This is a basic calculator to answer the question, “What is the payoff for this mixup, and how often should I go mid/low?”

The inputs are the damage you deal—or receive in punishment if negative—in each case. The default values are for Lee’s f,F+3 / slide mixup.

Clicking the tabs changes the labels. This has no effect on the calculation, but makes putting the numbers in the right place a bit easier.

This calculator is helpful to get an idea of how strong a particular character’s mixup is compared to other characters, or compared to other mixups they have. It’s also helpful for finding the optimal strategy.

It can’t properly take into account frame advantage or oki, nor can it take into account a situation more complex than a simple 2-by-2 payoff matrix.

If you’re interested in doing a more comprehensive exploration, have a look at The Gambit Project.

# Factoring in oki

You can attempt to factor in oki and frames by adding the expected payoff of the mixup to the cases that give another mixup. For example, for a Kazuya hellsweep / f,F+4 mixup with no walls, you’d start with 0, 22, 34, -75. This gives a payoff of 5.71.

You can add 5.71 to the hit options and subtract 5.71 from the blocking options (assuming your opponent also has a mixup with the same payoff), giving a new matrix of -5.71, 27.71, 39.71, -80.71. Now the payoff is only 4.16! The big difference is that the mid is no longer safe on block.

Note this assumes that the large frame advantage from f,F+4 on hit and disadvantage on block guarantees a mixup, which isn’t totally accurate.

You can repeat this process as much as you like. With a mixup payoff of 4.16, the new altered matrix is -4.16, 26.16, 38.16, -79.16. This one has a payoff of 4.53. Now the altered matrix is -4.53, 26.53, 38.53, -79.53, giving a payoff of 4.44. You can keep going until the payoff is stable, or be happy saying it’s about 4.5.

This is still an incomplete picture, since the option to stay grounded hasn’t been considered, nor has f,F+3 having much better payoff than f,F+4 for a mid.

For staying grounded, this is a strictly worse option. The best case is getting hit by hellsweep, taking 8 damage and ending the oki. This is worse than the average payoff of the mixup, so strictly worse than getting up. On top of that, f,F+4 will deal 16 damage and keep them in the vortex, and the best strategy is to go mid a lot more than low.

For f,F+3, this makes the payoff much better. Instead of taking a mixup on block, and only getting 22 damage and another mixup on hit, f,F+3 is almost neutral on block and gives a full juggle on hit. The matrix in this case is 0, 75, 34, -75, for a massive payoff of 13.86. If you then add the oki in, assuming they keep getting up, the payoff goes as high as 25.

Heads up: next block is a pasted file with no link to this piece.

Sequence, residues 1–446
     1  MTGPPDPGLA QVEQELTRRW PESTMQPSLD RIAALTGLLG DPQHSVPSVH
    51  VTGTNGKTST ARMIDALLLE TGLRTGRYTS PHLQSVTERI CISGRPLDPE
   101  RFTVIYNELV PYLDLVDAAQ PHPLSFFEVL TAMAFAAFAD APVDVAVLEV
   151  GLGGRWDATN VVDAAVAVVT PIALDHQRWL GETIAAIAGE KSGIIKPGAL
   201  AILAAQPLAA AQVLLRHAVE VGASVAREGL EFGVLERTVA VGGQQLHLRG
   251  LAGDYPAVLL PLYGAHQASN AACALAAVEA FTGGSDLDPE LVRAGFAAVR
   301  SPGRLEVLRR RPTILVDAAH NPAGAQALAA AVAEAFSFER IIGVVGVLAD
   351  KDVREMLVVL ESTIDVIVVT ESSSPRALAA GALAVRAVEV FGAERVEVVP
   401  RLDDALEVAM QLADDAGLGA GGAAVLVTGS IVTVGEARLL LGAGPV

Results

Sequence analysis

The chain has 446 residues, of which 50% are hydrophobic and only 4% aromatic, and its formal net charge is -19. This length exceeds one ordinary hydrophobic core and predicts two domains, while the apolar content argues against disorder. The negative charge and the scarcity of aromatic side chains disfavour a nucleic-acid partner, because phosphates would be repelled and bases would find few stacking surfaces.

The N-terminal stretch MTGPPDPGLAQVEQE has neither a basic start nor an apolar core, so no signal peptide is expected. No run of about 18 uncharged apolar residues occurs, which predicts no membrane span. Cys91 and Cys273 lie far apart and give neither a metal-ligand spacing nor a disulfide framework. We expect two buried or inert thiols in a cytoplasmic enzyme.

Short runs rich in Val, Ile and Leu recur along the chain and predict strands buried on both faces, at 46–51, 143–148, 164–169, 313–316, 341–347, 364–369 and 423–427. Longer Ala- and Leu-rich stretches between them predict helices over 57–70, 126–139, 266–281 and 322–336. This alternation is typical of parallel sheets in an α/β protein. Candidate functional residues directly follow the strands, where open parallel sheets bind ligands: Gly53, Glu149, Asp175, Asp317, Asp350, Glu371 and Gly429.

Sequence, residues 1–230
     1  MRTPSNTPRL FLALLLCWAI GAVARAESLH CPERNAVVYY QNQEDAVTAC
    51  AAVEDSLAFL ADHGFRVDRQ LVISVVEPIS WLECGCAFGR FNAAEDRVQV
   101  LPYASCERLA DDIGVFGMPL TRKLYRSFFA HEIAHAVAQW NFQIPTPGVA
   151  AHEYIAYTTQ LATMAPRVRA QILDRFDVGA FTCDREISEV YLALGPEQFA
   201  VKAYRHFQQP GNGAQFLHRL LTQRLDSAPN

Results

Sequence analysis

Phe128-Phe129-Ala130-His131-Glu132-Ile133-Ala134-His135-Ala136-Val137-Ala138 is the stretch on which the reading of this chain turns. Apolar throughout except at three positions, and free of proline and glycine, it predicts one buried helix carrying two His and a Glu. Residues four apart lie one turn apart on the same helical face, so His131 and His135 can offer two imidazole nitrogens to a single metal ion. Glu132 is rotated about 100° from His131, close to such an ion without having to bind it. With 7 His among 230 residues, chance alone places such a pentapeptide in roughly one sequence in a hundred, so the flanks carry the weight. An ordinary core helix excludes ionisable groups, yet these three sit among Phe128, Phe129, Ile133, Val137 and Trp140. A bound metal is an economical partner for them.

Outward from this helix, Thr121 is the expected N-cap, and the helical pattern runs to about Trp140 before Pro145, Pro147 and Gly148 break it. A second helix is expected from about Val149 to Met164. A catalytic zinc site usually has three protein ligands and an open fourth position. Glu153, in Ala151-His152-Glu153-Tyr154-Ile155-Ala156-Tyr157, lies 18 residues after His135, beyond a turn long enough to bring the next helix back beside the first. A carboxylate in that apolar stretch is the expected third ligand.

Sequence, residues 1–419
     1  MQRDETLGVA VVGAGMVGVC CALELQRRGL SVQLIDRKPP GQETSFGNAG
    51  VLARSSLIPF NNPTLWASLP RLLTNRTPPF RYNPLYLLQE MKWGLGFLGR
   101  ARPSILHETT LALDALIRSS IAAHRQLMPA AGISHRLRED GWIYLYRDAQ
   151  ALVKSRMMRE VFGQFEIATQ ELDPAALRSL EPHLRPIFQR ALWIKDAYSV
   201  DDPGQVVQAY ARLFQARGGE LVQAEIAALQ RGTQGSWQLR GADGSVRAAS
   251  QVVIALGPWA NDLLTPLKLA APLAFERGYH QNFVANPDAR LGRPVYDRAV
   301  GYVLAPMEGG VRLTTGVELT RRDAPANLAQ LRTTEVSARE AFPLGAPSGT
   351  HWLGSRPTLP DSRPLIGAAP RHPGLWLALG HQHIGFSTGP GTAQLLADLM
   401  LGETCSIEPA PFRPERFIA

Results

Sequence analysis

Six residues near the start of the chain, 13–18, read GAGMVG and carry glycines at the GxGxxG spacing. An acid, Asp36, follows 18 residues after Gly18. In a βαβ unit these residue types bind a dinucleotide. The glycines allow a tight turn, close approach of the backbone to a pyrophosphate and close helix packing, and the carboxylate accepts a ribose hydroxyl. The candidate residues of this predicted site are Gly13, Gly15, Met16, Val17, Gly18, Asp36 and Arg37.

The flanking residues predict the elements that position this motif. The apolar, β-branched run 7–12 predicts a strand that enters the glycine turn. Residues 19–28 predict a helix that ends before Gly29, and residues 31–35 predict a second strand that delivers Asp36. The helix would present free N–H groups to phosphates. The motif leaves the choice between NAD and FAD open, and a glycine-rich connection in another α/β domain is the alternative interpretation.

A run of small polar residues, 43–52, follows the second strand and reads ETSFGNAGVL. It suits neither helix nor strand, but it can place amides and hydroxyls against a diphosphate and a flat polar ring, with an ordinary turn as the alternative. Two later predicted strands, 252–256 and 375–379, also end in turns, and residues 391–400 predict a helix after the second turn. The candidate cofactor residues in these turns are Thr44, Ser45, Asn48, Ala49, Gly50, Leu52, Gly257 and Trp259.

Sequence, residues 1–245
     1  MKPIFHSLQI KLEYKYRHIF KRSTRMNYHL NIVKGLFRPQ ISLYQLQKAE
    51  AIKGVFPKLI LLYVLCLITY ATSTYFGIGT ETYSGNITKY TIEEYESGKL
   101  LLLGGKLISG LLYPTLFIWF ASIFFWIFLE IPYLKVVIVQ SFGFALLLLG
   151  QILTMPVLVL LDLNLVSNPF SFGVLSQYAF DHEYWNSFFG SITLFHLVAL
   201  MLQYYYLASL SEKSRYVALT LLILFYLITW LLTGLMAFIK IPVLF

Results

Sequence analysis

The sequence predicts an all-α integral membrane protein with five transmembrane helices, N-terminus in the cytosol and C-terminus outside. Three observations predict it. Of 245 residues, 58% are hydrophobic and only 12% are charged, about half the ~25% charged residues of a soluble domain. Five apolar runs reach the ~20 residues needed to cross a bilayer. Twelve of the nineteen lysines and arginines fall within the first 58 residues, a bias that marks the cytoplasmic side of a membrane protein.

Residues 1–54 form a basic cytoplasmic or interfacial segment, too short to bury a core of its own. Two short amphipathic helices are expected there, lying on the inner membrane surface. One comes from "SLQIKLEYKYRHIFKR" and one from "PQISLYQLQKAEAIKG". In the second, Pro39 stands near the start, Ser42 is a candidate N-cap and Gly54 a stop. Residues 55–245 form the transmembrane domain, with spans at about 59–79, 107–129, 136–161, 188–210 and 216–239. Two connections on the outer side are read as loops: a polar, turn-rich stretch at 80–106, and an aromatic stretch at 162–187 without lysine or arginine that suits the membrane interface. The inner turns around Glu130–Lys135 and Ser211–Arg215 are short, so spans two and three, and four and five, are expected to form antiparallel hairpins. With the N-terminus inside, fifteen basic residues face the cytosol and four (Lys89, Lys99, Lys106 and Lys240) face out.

Now you might wonder: well, if f,F+3 is so good, why ever do f,F+4? Because if you just did f,F+3, the option to stay grounded suddenly looks really good. Sure, the hellsweep does 8 damage, but f,F+3 misses entirely, and both of those are a lot less than the mixup payoff now. So you need to do f,F+4 to get people to actually stand up.

This is an imprecise method, but gives a good enough estimate to be useful.

# Analysis

The payoff for ordinary mid/low mixups is a lot worse than typically thought, usually 4–6 damage. In these cases spamming mixups isn’t a great strategy, because the price you pay to enforce them isn’t worth their payoff. Pokes, counter-hits, and movement are where you’re going to get a real advantage. They *are* of course the best way to deal damage to an opponent who’s entirely locked down.

This can change quite dramatically, though, with powerful lows and safe launching mids. If the payoff also includes that same mixup, that’s when you get a terrifying vortex.

When it comes to pokes, how often you should go low depends a lot on if your opponent is consistent with low parries and where the wall is. In cases where a low parry leads to a full combo with wall damage, the risk is huge even on a checking low like generic d4. In these situations, you may have to almost half how many lows you throw out. This also means that if you aren’t low parrying much right now (compared to block punishing lows), you need to get on that.

For most characters, without parries you can go low with pokes up to 28% of the time. With parries and no wall, it’s around 20%. With parries and full wall damage, it’s still around 15%. That’s entirely based on the mixup—crushes and interrupts haven’t been factored in, for example.

The best time to enforce a mixup is into a tech roll. This is because not only can the opponent not interrupt it, but it’s much harder for them to low parry.

The fairly low payoff on most mixups means that throws are a lot stronger than you might think. Even pro players don’t break throws 100% of the time, and one getting through does a lot of damage. They’re obviously risky, being duck punishable, but they’re a far cry from useless.

It also means that in most cases, guaranteed damage is best. For example, a lot of players think the oki from Lee’s slide is worth more than 8 damage, but it’s actually just a high risk, high reward choice. Against correct defence, the average payoff of the oki is much less than 8 damage.